# Dinosaur Island just got bigger!

Dinosaur Island – which was 2,000 meters by 2,000 meters (2 kilometers x 2 kilometers) just got a little bit bigger. It is now 2,048 meters by 2,048 meters. Why the addition of 2,304 square meters?

Well, the answer to that question goes back to the winter of 1937-38 and a professor from Iowa State Teacher’s College named John Atanasoff. Atanasoff had been thinking about the problem of computation; specifically how he could construct a computer to help with his physics calculations. He decided he wanted a drink but Iowa was a dry state at the time. He drove from Ames, Iowa to Rock Island, Illinois and stopped at the first bar he found across the river.

The Government Bridge between Davenport, Iowa and Rock Island, Illinois as it would have appeared during the winter of 1937-38 when John Atanasoff crossed it looking for a drink.

There is still some speculation as to which bar, or speakeasy, Professor Atanasoff stoped at (personally, I think it was the now closed Hunter’s Club in downtown Rock Island) but while he was there, drinking a whiskey and soda, he sketched out on a cocktail napkin what would be the beginnings of a digital computer using base 2 (or binary) for the number system. Using a binary number system (on or off, 1 or 0) greatly simplified the wiring of such a computer.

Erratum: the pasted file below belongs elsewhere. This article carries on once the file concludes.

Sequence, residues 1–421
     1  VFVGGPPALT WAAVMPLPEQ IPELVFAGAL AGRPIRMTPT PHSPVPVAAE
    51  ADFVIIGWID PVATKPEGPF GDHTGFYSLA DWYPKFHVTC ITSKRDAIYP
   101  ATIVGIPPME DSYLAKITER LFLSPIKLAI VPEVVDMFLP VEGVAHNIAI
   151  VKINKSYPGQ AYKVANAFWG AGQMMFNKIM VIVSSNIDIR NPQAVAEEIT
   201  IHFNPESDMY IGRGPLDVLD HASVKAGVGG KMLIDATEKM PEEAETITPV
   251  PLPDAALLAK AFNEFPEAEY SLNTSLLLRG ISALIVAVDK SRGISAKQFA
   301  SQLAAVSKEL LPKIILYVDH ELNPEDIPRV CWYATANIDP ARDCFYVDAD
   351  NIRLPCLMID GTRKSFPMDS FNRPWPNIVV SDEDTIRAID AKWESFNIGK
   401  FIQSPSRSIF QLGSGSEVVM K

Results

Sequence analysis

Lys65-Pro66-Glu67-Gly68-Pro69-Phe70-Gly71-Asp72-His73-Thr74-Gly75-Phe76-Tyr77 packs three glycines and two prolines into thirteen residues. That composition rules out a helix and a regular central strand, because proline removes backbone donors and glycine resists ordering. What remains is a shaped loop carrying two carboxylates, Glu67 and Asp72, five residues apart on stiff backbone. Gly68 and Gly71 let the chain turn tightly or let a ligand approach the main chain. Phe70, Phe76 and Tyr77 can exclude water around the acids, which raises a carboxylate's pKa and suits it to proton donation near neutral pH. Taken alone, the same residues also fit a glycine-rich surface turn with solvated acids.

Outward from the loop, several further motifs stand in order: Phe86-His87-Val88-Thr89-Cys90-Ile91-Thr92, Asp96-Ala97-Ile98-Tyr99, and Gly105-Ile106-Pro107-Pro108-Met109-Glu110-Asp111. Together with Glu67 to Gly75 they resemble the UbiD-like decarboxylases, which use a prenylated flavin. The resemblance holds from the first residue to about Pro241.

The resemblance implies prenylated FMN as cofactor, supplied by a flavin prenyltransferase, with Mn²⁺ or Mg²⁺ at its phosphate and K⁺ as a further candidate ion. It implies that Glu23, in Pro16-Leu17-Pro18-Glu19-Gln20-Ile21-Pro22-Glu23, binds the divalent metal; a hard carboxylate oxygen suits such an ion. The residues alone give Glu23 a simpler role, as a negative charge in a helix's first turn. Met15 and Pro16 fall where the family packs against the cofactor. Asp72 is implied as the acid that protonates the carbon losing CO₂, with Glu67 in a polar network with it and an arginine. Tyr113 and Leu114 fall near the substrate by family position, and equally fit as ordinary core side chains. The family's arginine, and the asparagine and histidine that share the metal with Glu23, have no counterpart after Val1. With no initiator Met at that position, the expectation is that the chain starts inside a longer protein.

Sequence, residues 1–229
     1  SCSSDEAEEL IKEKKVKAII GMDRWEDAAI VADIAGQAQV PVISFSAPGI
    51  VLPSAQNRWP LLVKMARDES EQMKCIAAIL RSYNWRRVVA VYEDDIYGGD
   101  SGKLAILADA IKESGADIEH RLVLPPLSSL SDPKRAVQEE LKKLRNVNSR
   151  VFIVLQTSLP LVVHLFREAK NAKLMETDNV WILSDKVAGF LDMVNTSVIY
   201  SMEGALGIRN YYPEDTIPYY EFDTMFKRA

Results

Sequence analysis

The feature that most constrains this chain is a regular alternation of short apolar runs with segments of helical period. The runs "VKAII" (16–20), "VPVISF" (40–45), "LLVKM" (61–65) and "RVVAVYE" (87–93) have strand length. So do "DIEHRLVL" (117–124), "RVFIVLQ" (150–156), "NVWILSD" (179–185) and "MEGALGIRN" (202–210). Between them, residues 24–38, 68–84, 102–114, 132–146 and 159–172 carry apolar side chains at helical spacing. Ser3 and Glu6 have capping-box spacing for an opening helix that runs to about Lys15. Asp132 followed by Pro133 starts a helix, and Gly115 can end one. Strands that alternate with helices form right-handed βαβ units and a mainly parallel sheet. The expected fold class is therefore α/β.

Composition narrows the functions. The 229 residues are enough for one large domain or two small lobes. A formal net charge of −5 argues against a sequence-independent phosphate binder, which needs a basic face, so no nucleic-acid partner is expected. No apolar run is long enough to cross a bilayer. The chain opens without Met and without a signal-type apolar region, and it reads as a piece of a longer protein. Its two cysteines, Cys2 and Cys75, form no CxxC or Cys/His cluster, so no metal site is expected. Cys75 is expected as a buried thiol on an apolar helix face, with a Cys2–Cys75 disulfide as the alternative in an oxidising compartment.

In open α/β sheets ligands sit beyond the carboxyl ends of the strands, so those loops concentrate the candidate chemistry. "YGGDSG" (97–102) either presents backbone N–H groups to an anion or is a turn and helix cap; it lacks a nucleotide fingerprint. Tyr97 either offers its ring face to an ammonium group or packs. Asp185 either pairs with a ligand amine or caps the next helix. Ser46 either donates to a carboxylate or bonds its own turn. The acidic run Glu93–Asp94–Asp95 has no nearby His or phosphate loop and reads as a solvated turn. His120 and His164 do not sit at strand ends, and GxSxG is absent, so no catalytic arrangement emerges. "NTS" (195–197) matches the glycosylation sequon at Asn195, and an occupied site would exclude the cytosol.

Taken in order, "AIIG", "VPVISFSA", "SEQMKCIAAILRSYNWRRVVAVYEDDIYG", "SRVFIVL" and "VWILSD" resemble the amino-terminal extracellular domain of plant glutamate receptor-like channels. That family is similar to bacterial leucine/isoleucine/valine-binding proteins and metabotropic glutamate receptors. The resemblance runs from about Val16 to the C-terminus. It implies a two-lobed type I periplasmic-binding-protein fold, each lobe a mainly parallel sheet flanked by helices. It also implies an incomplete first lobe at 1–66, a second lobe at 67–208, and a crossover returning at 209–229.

Now as we look at powers of 2 we note that 2048 is 211 and is 100000000000 in binary. Because Dinosaur Island is so large (take a look at some new images and a video fly by here) it’s convenient for 3D rendering purposes if we can divide it into equal sized models. Half of 2048 is 1024 (210). And half of 1024 is 512 (29).  1024 is also 1 kilobyte of memory. There are many advantages for using powers of 2 when storing information (like 3D models) in a computer’s memory.

And now you know how a physics professor wanting a drink in the winter of 1937-38 changed the size of Dinosaur Island.